“Your desire will be for your husband, and he will rule over you” (Gen. 3.16). The biblical quote perfectly sums up life in medieval times for women, unless you were the Wife of Bath in The Canterbury Tales. Chaucer, the stories author, broke many barriers in society and the Catholic church’s view on women. Women during this time period were treated as nothing more than mothers and housewives. They were to receive no inheritance, unless they were the sole heir, and remain faithful to their husband. The Wife of Bath was a stereotype-shattering character who embraced not only her sexuality, but was also well traveled and a talented seamstress.
The Wife of Bath was married to five different men, and this does not included her non-legal binding endeavors. It was very uncommon for women to remarry numerous times during the the fourteenth century, unless their husband fell ill. The Catholic church strongly enforced marriage and divorce was almost unheard of. Not only did she redefine marriage and divorce, she also pushed the boundaries of celibacy, as the story accounts for the romances of her youth.
Her very character embodies a sense of independence. Chaucer never depicted her as a stay at home mother, but more so a well rounded, luxiousrous woman who cannot be contained. She travels on numerous religious pilgrimages to Rome, Bologne, Spain, and France. She has also ventured to Jerusalem on numerous occasions giving her extensive knowledge on traveling; in comparison most women would have been subject to staying home tending to household duties and children.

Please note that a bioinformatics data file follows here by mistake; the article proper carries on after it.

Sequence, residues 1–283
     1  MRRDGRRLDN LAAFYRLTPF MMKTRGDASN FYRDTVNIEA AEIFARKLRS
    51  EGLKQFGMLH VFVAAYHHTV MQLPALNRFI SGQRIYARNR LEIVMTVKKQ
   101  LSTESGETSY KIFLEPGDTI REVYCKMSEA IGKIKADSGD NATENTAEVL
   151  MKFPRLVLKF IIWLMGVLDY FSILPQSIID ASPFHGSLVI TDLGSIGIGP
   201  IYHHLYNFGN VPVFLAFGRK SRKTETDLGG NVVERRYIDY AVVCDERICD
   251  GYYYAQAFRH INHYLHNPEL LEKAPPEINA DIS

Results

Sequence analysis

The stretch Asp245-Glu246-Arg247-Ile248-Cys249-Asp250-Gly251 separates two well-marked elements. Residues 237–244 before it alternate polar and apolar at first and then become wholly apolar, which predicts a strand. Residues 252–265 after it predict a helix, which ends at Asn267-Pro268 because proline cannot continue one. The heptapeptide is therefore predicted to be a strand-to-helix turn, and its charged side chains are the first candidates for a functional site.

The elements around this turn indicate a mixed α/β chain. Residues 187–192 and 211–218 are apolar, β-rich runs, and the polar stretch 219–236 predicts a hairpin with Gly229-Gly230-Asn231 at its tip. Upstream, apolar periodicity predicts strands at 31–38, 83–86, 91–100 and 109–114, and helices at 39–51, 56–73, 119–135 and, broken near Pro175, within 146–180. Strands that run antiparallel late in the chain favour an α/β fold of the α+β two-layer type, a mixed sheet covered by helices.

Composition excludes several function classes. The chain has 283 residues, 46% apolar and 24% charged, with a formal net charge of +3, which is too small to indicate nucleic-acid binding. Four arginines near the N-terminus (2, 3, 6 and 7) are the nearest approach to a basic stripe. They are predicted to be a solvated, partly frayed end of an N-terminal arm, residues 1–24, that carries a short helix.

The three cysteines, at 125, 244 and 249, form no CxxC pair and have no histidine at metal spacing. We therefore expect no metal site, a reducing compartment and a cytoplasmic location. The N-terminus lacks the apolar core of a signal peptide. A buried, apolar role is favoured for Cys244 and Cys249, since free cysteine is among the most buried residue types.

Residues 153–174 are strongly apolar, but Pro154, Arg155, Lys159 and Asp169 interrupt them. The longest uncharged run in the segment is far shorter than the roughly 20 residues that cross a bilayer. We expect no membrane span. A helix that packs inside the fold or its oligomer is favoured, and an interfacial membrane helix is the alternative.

The clothes that she wore were often extravagant and attention seeking, wearing large hats, vibrant colors, and high quality fabric. She was a talented weaver and put even the great weavers of Ypres and Ghent to shame. She possessed a skill that often would have gone unrecognized in other tales depicting women in medieval times. Chaucer went as far to say that she was one of the best, a term not often used for women.
The role of women in the fourteenth century was to be submissive to the male role. Chaucer completely erases the stereotype by creating the Wife of Bath. She is not only independent but has a great sense of pride. She embodies the voice of modern day feminists by ascending above the understood role of housewife. The Wife of Bath was certainly a character created far before her acceptance into society and the church.